Proper Procedures for Managing Customer Complaints (Part 1)

Howard Scott |

PEMBROKE, Mass. — You have a partially unattended store that has a box for complaints.

One night, a customer scribbles down that she lost a dollar in a machine. Your attendant comes in the next morning. Around noon, he looks in the complaint box and sees the complaint form. He scoffs and returns to his usual work.

At the end of his shift, he retrieves the complaint again, but reasons that the sum is such a small amount of money that the customer won’t remember it.

On his way out, he tosses the form in the wastebasket.

In another attended store, a customer complains to the attendant that her child cut herself playing in the back yard.

The attendant looks at the child’s wound, retrieves a bandage and hands it to the mother.

With an air of grievance, he says to the mother, “You should always supervise your child. It isn’t our responsibility,” and he walks away.

These two incidents reveal weakness in responding to complaints. In the first incident, the customer wasn’t taken care of and might decide never to return.

The customer might say to herself, “They didn’t even get back to me. They surely do not value their customer, so I guess I’ll go to the Laundromat on Stuart Avenue.”

In the second incident, the mother might be offended by being criticized. Secondly, no effort was made to find out how the child injured herself. There could be something dangerous lying in the backyard.

Every operator should have a complaint procedure. It is not sufficient to expect all attendants and staffers to handle complaints.

As these examples show, such situations aren’t always handled in the correct manner.


Nobody likes paperwork, but there should be a mandatory complaint form, which goes to you. That way, you have control over all complaints, and you can follow up to see that the customer is satisfied.

It is also a way for you to keep your finger on the pulse of your business.

One “Laundromateur” says: “Complaint forms are my eyes and ears of the company. I learn what’s happening at each store. I get a sense of staff commitment. I find out what customers think of our operation.”

The complaint form should be as simple as possible. A 5-by-8-inch scratch-pad size will do. Include date, name of customer, situation, resolution (what is done to solve the problem), and customer’s phone number.

Five or six lines are all that’s necessary. The customer might be encouraged to fill out the form, but if he/she doesn’t want to, the attendant fills it out. The form should be placed in a box, where you can find it.

Your hands-on staffers will probably not be enthusiastic, so you will have to come up with a rationale about its importance.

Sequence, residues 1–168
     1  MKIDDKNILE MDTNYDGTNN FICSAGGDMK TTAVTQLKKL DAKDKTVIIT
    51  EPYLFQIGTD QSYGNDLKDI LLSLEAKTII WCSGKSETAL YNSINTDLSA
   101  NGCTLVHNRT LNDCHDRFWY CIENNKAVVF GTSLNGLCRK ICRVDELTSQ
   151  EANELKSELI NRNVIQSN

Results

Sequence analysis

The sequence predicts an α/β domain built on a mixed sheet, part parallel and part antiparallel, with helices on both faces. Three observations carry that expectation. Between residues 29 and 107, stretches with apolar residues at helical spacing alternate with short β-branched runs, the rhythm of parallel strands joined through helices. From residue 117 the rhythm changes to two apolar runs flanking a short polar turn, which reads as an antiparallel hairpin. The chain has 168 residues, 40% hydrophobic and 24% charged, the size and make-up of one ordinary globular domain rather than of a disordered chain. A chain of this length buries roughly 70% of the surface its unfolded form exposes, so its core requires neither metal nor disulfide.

The answer is this procedure prevents complaints from slipping away. That’s because you receive the complaint, examine the contents, and often, follow up with a phone call.

“Hello, Mrs. Manfriedi. I see you lost $1.50 in the dryer. My attendant, Carlos, said he reimbursed you, and then fixed the machine so that it won’t happen again. I just want to apologize for the aggravation.”

If Mrs. Manfriedi is not in and you reach the answering machine, leave the same message.

Mrs. Manfriedi will receive the message, and if the report isn’t accurate, she will surely get back to you. If it is accurate and the complaint was resolved, she will be pleased that you cared enough to follow up.


One purpose of having the procedure is to ensure that attendants are doing their job. Another purpose is to demonstrate follow-through.

Customers don’t like to be bothered, but if they had a problem, they are pleased that it was noticed by management.

A final purpose is to show your staff that you are committed to providing excellent service.

You want zero dissatisfied customers. But what if a staffer doesn’t write a complaint report? Doesn’t that defeat the procedure?

Yes, unless you become aware of a problem that was not reported, and then you can lean into the staffer who should have known better.

Furthermore, you can periodically spot-check this employee by dropping in on his shifts and listening to what’s going on.

Maybe the staffer is not right for your operation, and needs to be replaced. Or maybe with some re-education, he can be rehabilitated.

Check back Thursday for the conclusion!

About the author

Howard Scott

Industry Writer and Drycleaning Consultant

Howard Scott is a former business owner, longtime industry writer and drycleaning consultant. He welcomes questions and comments and can be reached by writing Howard Scott, Dancing Hill, Pembroke, MA 02359; by calling 781-293-9027; or via e-mail at [email protected].


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